By Shawn McKenzie 07/12/2004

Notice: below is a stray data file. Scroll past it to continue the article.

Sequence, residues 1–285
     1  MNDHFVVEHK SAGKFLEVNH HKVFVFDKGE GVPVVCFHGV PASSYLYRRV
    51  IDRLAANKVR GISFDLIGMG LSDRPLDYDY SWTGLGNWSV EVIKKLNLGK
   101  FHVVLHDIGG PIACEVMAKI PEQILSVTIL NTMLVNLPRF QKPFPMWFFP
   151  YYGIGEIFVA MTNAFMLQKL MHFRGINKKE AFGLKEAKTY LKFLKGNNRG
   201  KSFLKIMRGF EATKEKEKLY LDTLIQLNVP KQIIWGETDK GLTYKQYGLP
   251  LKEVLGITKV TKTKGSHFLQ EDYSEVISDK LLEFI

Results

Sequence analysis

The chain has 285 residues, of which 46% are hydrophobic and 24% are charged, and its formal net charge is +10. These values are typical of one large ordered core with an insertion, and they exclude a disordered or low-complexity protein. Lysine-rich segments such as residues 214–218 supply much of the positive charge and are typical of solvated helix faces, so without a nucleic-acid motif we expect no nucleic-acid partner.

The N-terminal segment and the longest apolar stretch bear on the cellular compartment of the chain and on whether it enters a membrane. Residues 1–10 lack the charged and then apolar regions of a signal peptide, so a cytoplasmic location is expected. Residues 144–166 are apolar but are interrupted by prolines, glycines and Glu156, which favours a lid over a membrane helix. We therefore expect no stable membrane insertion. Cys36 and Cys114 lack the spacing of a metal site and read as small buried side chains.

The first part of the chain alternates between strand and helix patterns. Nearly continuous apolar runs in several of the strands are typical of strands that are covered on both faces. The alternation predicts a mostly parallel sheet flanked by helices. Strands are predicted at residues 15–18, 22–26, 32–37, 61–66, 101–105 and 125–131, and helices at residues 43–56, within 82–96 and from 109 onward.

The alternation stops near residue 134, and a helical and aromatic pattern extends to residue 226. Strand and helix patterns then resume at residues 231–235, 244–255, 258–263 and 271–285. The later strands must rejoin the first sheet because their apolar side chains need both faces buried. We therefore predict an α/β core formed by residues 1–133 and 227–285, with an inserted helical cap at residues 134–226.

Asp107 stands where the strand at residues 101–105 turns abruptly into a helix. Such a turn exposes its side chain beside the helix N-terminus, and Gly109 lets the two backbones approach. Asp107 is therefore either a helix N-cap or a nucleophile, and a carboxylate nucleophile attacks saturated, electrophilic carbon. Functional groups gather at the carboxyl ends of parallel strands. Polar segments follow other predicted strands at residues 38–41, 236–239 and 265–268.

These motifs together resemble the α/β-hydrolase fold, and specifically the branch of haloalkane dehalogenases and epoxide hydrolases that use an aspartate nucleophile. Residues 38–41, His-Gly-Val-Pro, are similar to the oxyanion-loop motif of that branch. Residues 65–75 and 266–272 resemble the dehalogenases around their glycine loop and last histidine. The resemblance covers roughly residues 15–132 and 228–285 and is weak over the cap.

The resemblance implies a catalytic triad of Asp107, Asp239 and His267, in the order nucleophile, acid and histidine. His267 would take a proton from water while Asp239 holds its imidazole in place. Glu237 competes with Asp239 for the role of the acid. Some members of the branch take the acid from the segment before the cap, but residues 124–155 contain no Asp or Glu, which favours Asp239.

The new Will Ferrell movie Anchorman has had one of the most addictive ad campaigns I’ve seen for quite awhile. For two weeks before the movie opened, I had the line, “I love Scotch…Scotchy, Scotchy, Scotch” stuck in my head. Also, I loved the ads the week before it opened thanking America for making them the number one movie in the country, beating Spider-Man 2, despite the fact that they hadn’t opened yet. It had a lot to live up to, and fortunately, it delivered.